Persons related to Chopin Persons related to Chopin

Michał Skarbek

Michał Skarbek

Michal Skarbek, the youngest son of Kacper Skarbek and Ludwika Fenger (and brother of Fryderyk) was born on 25 September 1796 in Izbica. From 1802, when Mikołaj Chopin was taken on by the Skarbeks as tutor at Żelazowa Wola, Michał became his pupil. Childhood ties turned into adult friendship and Michał-as we learn from the Chopin family correspondence-became one of the closest friends of the family. We know little, however, of his childhood and youth. On 3 September 1825 he purchased Żelazowa Wola by notarial deed for 180,000 zloty from his brother Fryderyk, and he lived there to the end of his days. He is assumed to have occupied one of the annexes (possibly the same in which the Chopins had previously lived), since the main building's poor state of repair had made it uninhabitable. Here, he was visited quite often by the Chopins, who would also receive him in Warsaw. Before the outbreak of the November Rising, Michał deposited with the Chopins a chest containing his personal papers and documents.

We learn of his participation in the uprising from a brief reference to the post-insurrection period in the memoirs of his brother, Fryderyk: ‘[...] My brother serving in the army has survived and is currently in the ranks of Stryjeński's reserve'. The Żelazowa Wola estate was probably confiscated, but the sequestration was soon lifted, possibly through the intervention of his well-connected brother.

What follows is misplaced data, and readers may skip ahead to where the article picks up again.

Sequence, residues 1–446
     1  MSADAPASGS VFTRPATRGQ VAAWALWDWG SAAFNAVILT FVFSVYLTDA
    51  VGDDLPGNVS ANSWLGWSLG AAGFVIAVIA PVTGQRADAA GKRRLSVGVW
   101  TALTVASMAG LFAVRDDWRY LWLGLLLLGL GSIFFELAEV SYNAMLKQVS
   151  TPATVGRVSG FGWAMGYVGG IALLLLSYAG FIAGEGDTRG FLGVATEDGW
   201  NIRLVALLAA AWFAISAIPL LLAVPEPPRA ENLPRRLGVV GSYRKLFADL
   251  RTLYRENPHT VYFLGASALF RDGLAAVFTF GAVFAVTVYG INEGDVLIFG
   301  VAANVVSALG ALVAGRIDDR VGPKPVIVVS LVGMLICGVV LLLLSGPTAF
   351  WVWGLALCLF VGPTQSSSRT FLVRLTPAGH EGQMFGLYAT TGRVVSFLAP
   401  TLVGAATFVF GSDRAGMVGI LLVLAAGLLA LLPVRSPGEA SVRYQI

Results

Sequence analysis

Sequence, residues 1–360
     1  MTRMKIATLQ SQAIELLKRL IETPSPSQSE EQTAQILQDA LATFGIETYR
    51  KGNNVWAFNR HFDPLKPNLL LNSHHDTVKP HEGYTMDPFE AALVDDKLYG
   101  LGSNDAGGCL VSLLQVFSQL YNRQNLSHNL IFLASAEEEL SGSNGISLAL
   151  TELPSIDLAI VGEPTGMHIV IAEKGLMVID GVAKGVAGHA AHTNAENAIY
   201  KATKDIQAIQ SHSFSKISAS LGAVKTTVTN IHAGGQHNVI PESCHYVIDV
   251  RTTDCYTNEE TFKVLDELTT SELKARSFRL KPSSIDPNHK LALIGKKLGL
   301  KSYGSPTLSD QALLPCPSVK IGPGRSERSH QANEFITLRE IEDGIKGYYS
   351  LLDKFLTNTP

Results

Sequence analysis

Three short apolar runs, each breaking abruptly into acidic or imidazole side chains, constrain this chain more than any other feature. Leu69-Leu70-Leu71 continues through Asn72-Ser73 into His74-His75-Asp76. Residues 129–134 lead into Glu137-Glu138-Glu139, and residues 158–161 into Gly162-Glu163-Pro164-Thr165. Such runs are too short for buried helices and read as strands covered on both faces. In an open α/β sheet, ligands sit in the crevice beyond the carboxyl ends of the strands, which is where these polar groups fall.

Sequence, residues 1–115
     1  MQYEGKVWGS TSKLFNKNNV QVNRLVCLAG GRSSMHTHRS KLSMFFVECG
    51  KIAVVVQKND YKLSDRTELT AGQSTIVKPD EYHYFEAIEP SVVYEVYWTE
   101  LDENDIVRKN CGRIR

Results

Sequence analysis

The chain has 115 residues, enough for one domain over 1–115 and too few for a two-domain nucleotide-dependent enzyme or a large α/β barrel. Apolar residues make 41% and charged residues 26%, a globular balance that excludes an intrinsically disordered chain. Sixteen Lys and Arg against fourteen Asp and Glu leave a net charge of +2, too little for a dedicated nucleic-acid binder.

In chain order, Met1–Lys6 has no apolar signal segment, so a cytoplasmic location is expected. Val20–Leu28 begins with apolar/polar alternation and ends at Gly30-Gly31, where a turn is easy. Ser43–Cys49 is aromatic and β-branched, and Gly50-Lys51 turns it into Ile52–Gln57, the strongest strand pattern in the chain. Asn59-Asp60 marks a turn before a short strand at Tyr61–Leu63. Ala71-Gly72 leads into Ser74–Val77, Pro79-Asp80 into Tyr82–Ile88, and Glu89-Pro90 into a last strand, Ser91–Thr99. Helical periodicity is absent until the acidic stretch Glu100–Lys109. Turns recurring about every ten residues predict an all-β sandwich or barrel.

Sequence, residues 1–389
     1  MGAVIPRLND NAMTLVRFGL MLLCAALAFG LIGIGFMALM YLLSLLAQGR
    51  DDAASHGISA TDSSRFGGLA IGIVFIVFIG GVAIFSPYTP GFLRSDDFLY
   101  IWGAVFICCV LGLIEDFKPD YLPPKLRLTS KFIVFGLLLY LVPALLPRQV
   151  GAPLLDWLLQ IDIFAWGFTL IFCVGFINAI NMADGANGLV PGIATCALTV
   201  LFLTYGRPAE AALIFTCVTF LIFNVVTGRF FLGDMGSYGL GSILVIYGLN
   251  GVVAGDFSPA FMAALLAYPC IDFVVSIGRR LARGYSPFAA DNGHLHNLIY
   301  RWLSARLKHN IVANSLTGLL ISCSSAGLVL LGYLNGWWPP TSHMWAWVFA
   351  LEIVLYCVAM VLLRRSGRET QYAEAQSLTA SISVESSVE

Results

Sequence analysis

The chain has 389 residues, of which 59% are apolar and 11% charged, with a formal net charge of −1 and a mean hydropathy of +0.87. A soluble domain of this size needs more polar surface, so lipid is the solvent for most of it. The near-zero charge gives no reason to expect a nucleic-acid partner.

Inept management, among other things, led to the estate accruing heavy debts. The largest sum of all was a debt of more than 22,000 zloty owing to Mikołaj Chopin, representing seven-years' salary, which may have been built up by Ludwika Skarbek. Michał's financial problems and deepening mental instability led him to consider suicide. During this period, we find him in Warsaw, where, on 6 December 1833, he is present at the baptism of Mikołaj Chopin's grandson, Henryk Jędrzejewicz.

On 25 July 1834 Michał Skarbek hung himself from a horse-hair rope, which he had prepared two years earlier. He left a will and a farewell letter explaining his dramatic decision. One senses from the letter his embitterment over relations with his immediate family, his failures in love and a general conviction of the wretchedness of the world. As his heir, he chose a local young man not known to anyone, Franciszek Kwiatkowski, to whom-as he stated-he wished to offer disinterested help, such as he himself had not experienced during difficult times. These noble intentions stand in contrast to the failure in his will to settle the debt towards Mikołaj Chopin, who, lacking sufficient evidence, was unable to win repayment through the courts. This incident soured the Chopins‘ memory of their departed friend for quite some time.

Michał Skarbek never married and left no progeny, and Żelazowa Wola passed through the hands of a succession of owners.

Piotr Mysłakowski and Andrzej Sikorski (July 2006)

[Fryderyk Skarbek], Pamiętniki Fryderyka hrabiego Skarbka [Memoirs of Count Fryderyk Skarbek] (Poznań, 1878).
Piotr Mysłakowski and Andrzej Sikorski, Chopinowie. Krąg rodzinno-towarzyski [The Chopins. Their Family and Social Circle] (Warsaw, 2005).


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